UX Battle of the Week: HP vs IBM
The Task-Based UX Benchmark Study
UserZoom ran a quick task-based UX benchmark study between HP and IBM, two well-known technology corporations, to compare the experience of researching business solutions on their site.
- We ran the unmoderated remote task-based benchmark study with 60 in-the-wild users on their own devices over the course of a single day
- We split participants equally between each website so that 30 went to HP and 30 went to IBM
- The Online Task: From the homepage, navigate to the page with an overview of all retail business solutions
- We validated the task via URL validation
Let’s Get Ready to Rumble!
We showed all 60 participants an image of HP’s and IBM’s homepage and asked them to choose which site they associated with several UX attributes.
Participants positive initial reactions leaned more towards HP’s homepage, particularly when it came to being seen as Welcoming, Easy and Lively. IBM was largely seen as being Overwhelming. Interestingly, both websites practically tied in regards to being seen as Informational.
Screenshot Click Test
We split the participants evenly and asked where they would click if they needed support.
74% of participants correctly clicked on Support. 57% clicked on Support in the header while 17% clicked it in the footer.
70% of participants correctly clicked on Support. 43% clicked on Support Portal while 27% clicked on Support in the footer.
Online Task Outcomes
In order to validate whether users were successful at finding the retail business solution overview page, we validated the task with URL validation. If users got to the correct page they were labeled as Success.
Non Success meant that a user either Abandoned the task due to difficulties with the website or said they were done before reaching the correct page, which we labeled as Error.
Users were 40% more successful on HP’s site than on IBM’s.
On average, successful participants on both sites were able to find the correct overview page with similar amounts of page views and clicks. Despite the difference in overall success rates, the participants who were successful on the IBM site were successful in far less time than those on HP’s site.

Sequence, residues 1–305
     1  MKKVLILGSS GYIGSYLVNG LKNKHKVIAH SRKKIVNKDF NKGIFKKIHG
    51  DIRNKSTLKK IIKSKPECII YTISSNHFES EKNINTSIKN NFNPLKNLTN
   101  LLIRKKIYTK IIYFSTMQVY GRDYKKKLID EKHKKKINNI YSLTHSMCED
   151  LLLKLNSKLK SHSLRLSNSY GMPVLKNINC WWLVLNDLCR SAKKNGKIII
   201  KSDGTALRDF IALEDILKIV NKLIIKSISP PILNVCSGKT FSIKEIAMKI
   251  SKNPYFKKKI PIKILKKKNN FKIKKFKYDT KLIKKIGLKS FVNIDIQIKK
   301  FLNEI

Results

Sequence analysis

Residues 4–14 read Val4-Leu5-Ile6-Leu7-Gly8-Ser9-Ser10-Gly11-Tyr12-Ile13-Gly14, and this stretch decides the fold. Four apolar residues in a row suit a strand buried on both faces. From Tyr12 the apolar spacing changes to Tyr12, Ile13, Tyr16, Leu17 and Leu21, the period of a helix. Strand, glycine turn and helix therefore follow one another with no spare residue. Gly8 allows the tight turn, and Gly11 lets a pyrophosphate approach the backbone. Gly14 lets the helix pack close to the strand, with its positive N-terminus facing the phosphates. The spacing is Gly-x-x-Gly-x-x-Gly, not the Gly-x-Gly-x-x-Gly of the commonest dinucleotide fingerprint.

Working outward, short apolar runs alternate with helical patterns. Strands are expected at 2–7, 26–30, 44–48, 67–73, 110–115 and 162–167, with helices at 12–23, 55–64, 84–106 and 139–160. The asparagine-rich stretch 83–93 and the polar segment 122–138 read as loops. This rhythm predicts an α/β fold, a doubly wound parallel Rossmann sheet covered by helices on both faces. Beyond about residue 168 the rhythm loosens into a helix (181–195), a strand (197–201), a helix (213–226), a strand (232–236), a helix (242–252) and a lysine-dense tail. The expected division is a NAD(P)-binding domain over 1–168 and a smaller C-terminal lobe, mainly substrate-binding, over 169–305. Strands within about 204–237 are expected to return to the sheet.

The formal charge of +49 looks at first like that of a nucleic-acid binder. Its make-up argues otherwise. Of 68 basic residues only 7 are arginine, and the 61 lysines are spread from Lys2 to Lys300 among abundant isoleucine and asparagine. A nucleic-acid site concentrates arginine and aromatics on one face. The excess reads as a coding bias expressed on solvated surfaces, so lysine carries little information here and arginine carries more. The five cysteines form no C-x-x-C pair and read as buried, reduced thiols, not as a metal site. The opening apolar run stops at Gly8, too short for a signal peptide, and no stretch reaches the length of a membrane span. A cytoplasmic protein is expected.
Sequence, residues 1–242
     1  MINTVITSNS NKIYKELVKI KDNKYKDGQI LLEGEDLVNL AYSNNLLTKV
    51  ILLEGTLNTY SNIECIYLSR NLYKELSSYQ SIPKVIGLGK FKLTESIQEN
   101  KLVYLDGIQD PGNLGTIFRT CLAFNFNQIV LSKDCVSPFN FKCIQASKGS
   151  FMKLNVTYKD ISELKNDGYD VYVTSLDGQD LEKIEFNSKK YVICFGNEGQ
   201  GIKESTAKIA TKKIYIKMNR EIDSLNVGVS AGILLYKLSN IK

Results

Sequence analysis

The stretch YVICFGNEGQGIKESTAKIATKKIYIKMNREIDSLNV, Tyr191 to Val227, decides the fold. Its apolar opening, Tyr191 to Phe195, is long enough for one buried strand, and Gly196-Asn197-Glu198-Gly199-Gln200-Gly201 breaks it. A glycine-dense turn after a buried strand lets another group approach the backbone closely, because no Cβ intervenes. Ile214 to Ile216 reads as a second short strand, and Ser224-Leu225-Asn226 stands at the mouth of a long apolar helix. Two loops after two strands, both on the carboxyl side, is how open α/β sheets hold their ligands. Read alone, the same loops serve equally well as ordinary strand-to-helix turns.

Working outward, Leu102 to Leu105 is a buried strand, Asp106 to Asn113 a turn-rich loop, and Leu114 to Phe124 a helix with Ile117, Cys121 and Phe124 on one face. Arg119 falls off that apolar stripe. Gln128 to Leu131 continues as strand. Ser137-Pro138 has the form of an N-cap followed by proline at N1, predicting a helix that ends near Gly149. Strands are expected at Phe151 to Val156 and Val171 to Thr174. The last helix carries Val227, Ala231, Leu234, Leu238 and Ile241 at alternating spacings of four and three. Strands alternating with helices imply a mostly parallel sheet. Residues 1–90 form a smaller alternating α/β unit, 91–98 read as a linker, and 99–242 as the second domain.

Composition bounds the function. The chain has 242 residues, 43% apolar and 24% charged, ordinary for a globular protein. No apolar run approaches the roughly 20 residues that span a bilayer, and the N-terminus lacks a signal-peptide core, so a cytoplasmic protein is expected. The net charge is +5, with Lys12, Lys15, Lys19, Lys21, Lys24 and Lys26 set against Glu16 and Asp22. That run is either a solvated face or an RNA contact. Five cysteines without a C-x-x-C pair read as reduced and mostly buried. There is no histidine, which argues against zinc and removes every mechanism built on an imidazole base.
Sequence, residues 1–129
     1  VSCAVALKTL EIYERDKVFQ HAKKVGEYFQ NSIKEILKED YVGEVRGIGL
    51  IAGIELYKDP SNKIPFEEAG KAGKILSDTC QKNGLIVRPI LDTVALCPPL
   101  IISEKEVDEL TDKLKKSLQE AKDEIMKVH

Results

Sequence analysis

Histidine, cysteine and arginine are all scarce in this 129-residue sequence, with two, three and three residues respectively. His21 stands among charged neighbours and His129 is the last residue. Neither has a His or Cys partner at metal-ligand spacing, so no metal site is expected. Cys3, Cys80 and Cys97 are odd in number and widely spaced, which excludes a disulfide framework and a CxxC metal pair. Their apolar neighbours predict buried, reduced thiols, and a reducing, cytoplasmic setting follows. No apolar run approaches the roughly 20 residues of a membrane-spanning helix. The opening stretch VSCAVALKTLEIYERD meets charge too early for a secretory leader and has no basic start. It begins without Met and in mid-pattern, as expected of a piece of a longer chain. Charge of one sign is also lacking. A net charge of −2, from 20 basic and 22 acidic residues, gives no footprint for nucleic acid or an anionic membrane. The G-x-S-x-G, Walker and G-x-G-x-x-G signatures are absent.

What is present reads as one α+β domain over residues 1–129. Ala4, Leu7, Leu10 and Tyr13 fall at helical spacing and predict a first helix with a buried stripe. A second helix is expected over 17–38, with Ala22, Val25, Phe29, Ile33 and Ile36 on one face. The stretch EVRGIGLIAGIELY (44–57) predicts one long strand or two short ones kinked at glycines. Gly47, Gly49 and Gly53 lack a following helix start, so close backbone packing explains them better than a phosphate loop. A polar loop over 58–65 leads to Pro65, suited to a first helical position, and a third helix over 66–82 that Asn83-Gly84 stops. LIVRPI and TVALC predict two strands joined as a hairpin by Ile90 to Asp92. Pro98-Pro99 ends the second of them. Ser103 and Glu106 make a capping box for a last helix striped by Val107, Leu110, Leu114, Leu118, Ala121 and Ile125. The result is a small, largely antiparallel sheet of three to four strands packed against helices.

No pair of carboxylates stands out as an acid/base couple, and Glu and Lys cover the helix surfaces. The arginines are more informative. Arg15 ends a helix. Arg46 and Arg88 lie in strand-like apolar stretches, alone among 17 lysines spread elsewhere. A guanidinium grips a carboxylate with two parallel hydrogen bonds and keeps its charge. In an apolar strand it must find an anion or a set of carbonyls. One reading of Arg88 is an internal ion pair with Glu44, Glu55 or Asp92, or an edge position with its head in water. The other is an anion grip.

HP user session
IBM user session
Other than quantity, both sites had surprisingly similar metrics for their non successful participants. Both sites had more participants err than abandon, meaning users felt they had reached the correct page and said they were finished rather than give up on the website. When we watched the videos, it was apparent that a majority of users on the IBM site felt that the Commerce page was what they were looking for rather than the retail industry overview page. For HP it was generally a product page, such as printed services.
Users who abandoned did so after about two minutes of searching on both sites. Users who erred, however, tended to search longer on the IBM site than those on the HP site.
HP user session
IBM user session
We split the participants equally between brands and asked them to rate their perception of the brand before and after their experience with the site.
For the rating scale: 1 = Very Negative, 4 = Neutral, and 7 = Very Positive. We also included the option for participants to say they’re not familiar with the brand.
Brand Perception Pre-Task
Both brands started with fairly high brand perception ratings from the participants, HP with 5.9 out of 7 and IBM with 5.5 out of 7.
Brand Perception Post-Task
Both sites saw a slight decrease after participants interacted with the website, but on a whole, brand perception stayed relatively stable. HP ended with a 5.6 out of 7 while IBM finished with a 5.1 out of 7.
Ease of Use
After the task we asked all the users to rate how easy or difficult it was to accomplish, with 1 = Very Difficult, 4 = Neutral and 7 = Very Easy.
HP had a slightly higher ease of use rating from participants, ending with a 4.9 out of 7. IBM ended with a 4.2 out of 7.
Problems & Frustrations
We asked the users which, if any, of the following problems they encountered while on the site.
Participants who chose “Other” were given an open-ended follow up question to explain. This is what IBM’s user said:
- “Took too long to find what I was looking for”
Net Promoter Score (NPS)
After participants interacted with the sites we asked them to rate how likely it was they would recommend them to friends, family or colleagues.
HP’s participants were more likely to recommend the site than IBM’s participants.
Both sites performed well and had similar ease of use and brand perception ratings both before and after the task. The winner, however, in this week’s battle of technology corporations is HP for having higher success rates when it came to finding business solutions, having fewer reported problems and frustrations, and a higher overall Net Promoter Score.
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